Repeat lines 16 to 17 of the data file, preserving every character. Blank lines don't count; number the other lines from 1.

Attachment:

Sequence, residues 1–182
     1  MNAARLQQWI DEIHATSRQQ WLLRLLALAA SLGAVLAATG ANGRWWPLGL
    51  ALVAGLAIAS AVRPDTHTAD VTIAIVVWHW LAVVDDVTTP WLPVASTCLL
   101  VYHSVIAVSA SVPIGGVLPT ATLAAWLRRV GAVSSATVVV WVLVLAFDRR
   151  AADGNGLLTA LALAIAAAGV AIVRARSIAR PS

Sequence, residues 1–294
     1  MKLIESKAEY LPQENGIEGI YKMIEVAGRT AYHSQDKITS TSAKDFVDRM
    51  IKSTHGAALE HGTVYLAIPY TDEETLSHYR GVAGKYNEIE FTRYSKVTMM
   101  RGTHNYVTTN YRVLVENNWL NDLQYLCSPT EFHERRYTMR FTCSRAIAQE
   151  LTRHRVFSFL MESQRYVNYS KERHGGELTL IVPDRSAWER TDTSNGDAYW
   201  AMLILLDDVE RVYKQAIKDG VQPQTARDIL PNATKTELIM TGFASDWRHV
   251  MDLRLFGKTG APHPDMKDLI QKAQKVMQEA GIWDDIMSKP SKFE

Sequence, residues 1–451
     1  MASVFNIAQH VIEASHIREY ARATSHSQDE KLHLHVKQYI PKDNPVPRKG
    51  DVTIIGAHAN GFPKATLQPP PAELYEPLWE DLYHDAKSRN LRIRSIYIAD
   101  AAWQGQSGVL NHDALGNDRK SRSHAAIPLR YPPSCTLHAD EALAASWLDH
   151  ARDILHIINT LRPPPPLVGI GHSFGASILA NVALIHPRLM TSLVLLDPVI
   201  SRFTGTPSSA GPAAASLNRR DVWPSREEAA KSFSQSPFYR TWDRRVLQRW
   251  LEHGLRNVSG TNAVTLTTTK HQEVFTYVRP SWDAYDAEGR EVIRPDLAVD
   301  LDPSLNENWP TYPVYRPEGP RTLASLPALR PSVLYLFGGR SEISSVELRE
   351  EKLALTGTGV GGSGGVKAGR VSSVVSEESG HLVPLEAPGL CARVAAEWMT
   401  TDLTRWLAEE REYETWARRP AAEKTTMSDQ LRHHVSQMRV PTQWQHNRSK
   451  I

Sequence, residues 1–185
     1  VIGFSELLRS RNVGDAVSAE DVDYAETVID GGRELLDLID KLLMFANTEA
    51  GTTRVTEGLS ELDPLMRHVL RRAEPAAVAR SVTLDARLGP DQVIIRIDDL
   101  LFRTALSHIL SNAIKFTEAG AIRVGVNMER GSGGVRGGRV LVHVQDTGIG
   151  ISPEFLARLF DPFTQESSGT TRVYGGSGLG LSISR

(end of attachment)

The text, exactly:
   101  AAWQGQSGVL NHDALGNDRK SRSHAAIPLR YPPSCTLHAD EALAASWLDH
   151  ARDILHIINT LRPPPPLVGI GHSFGASILA NVALIHPRLM TSLVLLDPVI